UCC provided office space on its premises on Communication House to accommodate the staff of Media Council responsible for film classification. The staff is expected to classify and censor films and videos to establish their appropriateness for audience viewing before they are showed to the public.
This move is intended to help promote development of the film industry and also protect the public from viewing undesirable content shown in places such as cinema and video halls scattered across the country.
Media Council, through the Press and Journalist Act CAP 105 is mandated to censor films, videotapes, plays and other related materials meant for public consumption.
Meanwhile the Uganda Communications Act 2013 allows UCC to license cinematography theatre, video and film libraries.
The power of the media and the advanced technological changes in the media industry call for better management and balanced freedoms.
This was highlighted by the Minister of Information and National Guidance Hon. Gen. Jim Muhwezi while meeting the Media Council members at his office in March 2016.
“The Media has greatly changed. Much as it plays a significant role as regards contributing to the direction of the country and the world at large,” the Minister pointed out; “ these changes where social media has gone viral, publication online are more than print newspapers, the media capability can be used well or used badly” he said.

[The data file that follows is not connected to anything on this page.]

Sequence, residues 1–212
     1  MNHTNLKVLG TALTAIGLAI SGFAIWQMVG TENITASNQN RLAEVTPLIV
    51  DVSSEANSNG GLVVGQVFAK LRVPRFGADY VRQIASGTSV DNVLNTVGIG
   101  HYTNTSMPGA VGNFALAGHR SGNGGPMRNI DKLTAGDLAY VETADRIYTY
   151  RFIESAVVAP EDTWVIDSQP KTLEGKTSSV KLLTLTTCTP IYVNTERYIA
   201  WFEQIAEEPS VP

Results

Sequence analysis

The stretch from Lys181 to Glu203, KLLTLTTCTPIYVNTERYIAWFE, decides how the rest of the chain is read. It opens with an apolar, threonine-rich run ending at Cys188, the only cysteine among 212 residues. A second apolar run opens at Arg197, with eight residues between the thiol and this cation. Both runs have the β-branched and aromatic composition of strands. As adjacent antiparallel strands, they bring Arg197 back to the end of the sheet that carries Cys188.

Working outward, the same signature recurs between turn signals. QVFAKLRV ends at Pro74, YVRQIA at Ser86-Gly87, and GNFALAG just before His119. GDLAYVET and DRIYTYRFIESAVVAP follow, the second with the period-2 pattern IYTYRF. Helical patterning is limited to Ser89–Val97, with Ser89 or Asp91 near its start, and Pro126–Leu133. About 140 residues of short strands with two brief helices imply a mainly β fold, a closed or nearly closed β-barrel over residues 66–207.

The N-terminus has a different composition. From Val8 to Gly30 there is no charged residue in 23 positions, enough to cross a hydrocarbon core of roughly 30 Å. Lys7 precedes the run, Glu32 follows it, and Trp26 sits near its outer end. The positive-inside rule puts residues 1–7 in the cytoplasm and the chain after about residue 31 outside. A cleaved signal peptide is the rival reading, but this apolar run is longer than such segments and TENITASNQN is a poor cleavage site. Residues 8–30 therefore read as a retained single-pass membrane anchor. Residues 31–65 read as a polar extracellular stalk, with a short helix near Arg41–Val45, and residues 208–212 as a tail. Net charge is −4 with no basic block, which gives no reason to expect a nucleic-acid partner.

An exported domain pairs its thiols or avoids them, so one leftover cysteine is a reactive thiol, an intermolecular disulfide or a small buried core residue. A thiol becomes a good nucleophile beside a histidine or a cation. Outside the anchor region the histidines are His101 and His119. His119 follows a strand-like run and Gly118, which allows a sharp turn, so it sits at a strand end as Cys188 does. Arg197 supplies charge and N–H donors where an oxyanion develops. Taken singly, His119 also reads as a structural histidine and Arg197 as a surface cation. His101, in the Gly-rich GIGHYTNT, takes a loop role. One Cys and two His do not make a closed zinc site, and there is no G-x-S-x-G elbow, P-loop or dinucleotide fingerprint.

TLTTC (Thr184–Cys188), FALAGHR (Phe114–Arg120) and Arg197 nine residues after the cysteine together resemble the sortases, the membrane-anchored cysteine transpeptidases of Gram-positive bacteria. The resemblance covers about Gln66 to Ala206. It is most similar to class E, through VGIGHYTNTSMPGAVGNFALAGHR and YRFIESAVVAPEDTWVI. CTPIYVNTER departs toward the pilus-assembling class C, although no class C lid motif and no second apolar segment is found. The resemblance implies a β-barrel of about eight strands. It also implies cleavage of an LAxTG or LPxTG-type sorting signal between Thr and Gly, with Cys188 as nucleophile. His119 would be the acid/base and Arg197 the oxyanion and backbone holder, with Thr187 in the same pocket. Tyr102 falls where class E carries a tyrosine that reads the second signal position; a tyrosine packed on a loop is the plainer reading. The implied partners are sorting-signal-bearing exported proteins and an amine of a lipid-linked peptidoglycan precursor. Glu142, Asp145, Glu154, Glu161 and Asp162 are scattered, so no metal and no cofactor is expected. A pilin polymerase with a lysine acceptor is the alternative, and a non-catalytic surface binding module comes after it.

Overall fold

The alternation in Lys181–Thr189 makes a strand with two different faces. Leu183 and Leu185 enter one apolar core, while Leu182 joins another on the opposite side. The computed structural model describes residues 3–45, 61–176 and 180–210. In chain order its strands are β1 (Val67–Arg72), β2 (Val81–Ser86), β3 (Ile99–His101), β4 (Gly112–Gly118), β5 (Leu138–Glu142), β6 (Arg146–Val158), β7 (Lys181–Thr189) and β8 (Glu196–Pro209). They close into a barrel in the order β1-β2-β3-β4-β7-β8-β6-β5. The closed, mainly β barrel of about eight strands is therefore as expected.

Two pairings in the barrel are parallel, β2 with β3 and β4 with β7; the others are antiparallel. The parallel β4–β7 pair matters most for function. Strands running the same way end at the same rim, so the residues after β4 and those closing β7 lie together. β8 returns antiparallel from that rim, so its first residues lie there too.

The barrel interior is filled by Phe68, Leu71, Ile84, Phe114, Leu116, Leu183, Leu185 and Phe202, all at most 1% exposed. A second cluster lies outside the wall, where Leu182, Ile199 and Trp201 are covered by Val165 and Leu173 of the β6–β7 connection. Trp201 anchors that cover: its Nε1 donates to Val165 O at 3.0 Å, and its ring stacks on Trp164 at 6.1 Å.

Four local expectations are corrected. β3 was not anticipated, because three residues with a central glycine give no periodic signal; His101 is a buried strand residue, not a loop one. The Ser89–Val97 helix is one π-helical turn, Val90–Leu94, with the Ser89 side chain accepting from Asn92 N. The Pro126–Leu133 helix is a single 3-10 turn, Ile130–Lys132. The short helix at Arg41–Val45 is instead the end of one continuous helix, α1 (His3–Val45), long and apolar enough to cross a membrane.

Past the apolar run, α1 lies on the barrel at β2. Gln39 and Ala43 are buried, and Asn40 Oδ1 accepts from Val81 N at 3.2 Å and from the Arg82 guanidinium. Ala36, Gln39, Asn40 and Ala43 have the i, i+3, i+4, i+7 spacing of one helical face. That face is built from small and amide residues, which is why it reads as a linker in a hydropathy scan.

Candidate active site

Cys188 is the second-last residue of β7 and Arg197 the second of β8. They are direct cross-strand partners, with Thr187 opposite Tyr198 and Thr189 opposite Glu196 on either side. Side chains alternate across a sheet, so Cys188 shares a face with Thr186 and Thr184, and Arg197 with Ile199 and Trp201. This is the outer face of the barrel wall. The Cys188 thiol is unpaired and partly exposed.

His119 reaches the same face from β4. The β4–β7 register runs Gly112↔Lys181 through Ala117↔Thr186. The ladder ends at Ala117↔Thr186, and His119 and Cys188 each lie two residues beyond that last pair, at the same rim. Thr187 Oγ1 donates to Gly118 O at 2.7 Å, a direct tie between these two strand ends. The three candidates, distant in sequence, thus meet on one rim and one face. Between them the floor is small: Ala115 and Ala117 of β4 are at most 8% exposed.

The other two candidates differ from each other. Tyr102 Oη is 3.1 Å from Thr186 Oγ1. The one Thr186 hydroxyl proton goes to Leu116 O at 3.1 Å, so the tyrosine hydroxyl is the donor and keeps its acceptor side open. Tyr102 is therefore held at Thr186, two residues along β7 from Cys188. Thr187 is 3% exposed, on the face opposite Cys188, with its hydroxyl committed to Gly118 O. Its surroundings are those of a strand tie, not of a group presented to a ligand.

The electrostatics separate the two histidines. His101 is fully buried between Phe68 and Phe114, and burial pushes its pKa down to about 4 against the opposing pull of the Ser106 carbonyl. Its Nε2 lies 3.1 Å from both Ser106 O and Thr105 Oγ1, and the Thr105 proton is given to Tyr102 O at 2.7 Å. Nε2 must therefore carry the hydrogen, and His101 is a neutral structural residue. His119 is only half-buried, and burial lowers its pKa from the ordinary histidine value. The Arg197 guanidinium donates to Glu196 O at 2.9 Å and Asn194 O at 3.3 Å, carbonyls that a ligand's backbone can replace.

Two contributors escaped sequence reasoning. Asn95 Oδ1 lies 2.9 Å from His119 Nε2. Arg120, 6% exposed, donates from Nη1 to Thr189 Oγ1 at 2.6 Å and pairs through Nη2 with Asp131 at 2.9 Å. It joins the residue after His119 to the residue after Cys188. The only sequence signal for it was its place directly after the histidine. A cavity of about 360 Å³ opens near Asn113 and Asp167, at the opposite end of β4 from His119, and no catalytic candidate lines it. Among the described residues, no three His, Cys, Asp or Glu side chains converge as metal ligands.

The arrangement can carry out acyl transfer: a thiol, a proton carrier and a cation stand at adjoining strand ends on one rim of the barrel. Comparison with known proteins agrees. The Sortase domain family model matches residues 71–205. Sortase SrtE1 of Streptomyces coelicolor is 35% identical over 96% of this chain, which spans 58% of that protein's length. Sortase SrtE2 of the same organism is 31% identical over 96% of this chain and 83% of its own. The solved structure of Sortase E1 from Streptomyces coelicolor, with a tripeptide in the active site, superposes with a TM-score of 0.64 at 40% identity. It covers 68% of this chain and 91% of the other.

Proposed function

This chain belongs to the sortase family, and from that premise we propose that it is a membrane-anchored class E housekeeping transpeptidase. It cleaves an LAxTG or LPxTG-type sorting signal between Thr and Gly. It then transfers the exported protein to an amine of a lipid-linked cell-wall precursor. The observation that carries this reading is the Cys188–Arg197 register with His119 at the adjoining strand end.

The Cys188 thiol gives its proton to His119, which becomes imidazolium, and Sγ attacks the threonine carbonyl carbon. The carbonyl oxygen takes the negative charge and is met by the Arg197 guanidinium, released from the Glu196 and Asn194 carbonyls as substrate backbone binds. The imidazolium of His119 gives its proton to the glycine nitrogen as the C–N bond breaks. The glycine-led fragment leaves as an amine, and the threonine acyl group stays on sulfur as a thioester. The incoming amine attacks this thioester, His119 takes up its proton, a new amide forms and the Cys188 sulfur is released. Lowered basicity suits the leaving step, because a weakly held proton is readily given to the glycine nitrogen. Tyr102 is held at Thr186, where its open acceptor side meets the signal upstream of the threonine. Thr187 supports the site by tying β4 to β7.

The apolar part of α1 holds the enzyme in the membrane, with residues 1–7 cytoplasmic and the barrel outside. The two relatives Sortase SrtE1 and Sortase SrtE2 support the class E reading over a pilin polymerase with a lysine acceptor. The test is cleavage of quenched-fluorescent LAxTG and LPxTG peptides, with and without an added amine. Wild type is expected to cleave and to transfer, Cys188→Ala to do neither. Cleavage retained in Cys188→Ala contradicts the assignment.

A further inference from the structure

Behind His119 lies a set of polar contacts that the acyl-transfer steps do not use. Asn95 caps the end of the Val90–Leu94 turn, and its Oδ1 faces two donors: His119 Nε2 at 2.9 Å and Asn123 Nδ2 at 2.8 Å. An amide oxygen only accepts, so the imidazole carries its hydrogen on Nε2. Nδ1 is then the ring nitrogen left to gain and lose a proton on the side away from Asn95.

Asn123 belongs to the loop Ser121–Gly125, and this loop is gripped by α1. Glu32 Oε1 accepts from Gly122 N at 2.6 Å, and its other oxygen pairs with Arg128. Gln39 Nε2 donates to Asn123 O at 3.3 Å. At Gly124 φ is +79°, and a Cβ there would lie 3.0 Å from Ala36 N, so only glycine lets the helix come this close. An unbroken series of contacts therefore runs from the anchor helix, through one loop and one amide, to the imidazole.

The Minister urged the Media Council to look at the urgent need to manage the industry, and its capability not to be abused and the need to balance freedoms of media and as well as the public for the stability of the country to be maintained.
During the deliberations it was noted that the post elections of 2016 review of the Media brought out the role of the media as important but the Media Council has to play its responsibility as a Council not to have media be divisive while at the same time not to undermine the freedoms as per the Ugandan laws.
Hon. Jim Muhwezi said the Ministry is looking into reviewing the media laws in order to empower the regulatory body and make an authority strong enough to improve training of journalists, improved support of media houses and media practitioners to engage the public in development.
The Meeting noted the urgency to address the professional conduct of journalists especially regarding their qualifications and the need to plan for mandatory refresher courses for the Media just like other professional bodies like lawyers undertake periodically.
The Chairperson of the Media Council Mr. Paulo Ekochu noted that while the Council was majorly setup as a complaint based, efforts are being made to make it proactive. He welcomed the review of the media laws to empower the regulatory body and improving the support of Media houses and practitioners to carry out their role more professionally.
Members of the course agreed on a continuous engagement of the Media with increased sensitization about media laws. They emphasized that media practitioners need to be made more aware about the implications of their actions, how to apply their rights and how not to infringe on other people’s rights.
The Meeting agreed to focus on Media as a strong player in sustaining development of the country with provision of timely, accurate and correct information within the advancing information technology; a strong pillar in building the image and marketing of Uganda.
The Media Council is currently comprised of Mr Paul Ekochu Chairperson, Dr Katebalirwe Amooti Wa Irumba, Mr. Michael Kawooya Mwebe, Ms Linda Nabusayi Wamboga, Mr Peter Okello Jabweri, Mrs Assumpta Kemigisha Sebunya, Mr Venis Omona, Members and Mr. Pius Mwinganisa Secretary.